Aging Well

Can You Drive Safely with Arthritis

Although you might think of poor vision as the most common factor in seniors’ impaired driving ability, arthritis can also be an obstacle.

According to NIH SeniorHealth, a division of the National Institutes of Health, arthritis can make joints swollen and stiff, thereby limiting movement of the shoulders, hands, head or neck. That can make it hard to turn the steering wheel, or even to grasp it. Additionally, people with arthritis may have trouble applying the brake and the gas pedals, put in a seatbelt or get in and out of a car.

If you have arthritis, the SeniorHealth experts say, ask your healthcare team for advice on driving. Treatment for arthritis might make it easier

You may also want to take a test to evaluate driving skills. There are a number of different tests. You can simply answer questions about your driving skills through an online or paper questionnaire. The SeniorHealth experts say there are other tests that assess mental and physical skills such as leg strength, neck flexibility, vision and memory. In addition to giving you an explanation of your score, the test administrators can offer tips for making driving more safely.

Whichever type of test you take, pay attention to the score. (Some tests have many scores, one for each type of driving skill.) It will tell you what your driving strengths and weaknesses are and what skills you should work on. The tests also offer tips for making driving safer.

You might also want to take a road test, in which someone accompanies you while you drive. Your passenger will look for signs of dangerous driving, such as whether you buckle your seatbelt, have trouble with the gas or brake pedal. He or she will also look at how you handle traffic on busy streets, Another kind of driving test is a road test, in which someone rides with you while you drive. The person conducting the road test will look for signs of dangerous driving. Did you buckle your seatbelt? Did you have trouble with the gas or brake pedal? According to the SeniorHealth experts, the evaluator will also see how you handle traffic on busy streets as well as situations such as changing lanes, turning and stopping.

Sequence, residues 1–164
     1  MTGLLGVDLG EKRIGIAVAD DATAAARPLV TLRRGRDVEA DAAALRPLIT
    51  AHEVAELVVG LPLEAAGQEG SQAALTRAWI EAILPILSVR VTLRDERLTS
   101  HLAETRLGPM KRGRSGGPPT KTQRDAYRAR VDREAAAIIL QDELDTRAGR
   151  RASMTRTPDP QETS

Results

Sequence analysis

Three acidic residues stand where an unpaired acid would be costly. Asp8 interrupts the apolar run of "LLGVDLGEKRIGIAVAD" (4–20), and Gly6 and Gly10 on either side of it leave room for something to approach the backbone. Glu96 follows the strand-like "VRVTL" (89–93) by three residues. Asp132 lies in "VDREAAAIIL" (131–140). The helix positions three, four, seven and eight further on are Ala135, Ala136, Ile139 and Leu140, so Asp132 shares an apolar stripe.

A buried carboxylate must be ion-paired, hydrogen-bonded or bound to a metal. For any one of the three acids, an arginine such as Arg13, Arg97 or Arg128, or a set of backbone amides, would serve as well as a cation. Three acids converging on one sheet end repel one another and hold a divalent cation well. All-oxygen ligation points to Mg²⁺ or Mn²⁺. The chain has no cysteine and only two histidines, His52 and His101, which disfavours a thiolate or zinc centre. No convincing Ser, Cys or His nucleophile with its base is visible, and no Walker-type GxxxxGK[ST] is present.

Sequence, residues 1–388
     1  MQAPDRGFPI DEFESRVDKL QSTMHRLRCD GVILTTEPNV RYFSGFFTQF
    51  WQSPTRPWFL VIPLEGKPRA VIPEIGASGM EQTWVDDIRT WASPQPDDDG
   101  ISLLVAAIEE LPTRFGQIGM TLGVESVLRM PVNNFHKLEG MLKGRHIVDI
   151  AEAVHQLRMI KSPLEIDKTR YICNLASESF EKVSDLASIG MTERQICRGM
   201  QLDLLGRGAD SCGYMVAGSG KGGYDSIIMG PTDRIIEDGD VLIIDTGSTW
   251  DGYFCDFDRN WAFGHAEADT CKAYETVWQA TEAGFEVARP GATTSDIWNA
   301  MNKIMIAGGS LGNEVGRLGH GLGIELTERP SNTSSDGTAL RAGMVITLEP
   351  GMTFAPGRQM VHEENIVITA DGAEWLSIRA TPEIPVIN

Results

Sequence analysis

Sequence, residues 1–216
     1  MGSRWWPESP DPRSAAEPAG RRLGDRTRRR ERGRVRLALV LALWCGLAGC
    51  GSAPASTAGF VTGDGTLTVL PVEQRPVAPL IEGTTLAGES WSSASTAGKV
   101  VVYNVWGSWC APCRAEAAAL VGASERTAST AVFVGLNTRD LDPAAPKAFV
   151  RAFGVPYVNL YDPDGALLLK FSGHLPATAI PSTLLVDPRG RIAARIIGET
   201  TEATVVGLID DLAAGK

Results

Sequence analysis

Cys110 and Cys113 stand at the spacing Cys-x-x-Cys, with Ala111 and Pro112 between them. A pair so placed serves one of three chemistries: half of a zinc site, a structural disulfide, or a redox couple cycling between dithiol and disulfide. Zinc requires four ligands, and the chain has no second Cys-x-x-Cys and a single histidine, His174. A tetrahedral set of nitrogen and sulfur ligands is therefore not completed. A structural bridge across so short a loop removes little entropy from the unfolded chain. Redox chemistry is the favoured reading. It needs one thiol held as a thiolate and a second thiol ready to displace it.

Click here for a list of testing resources and advice on driving safely.

Another option is seeing a driving rehabilitation specialist, who can evaluate your driving and possibly recommend adaptive measures for your vehicle.

You’ll find rehabilitation centers for each state listed from the Association for Driver Rehabilitation Specialists. Their number is 800-290-2344; click here for the ADED website.  The American Occupational Therapy Association, Inc. (AOTA) can help as well; their numbers are 301-652-2682 TDD: 800-377-8555.  Click here to visit their website.

For more information on other health-related issues for seniors from NIH SeniorHealth, click here.

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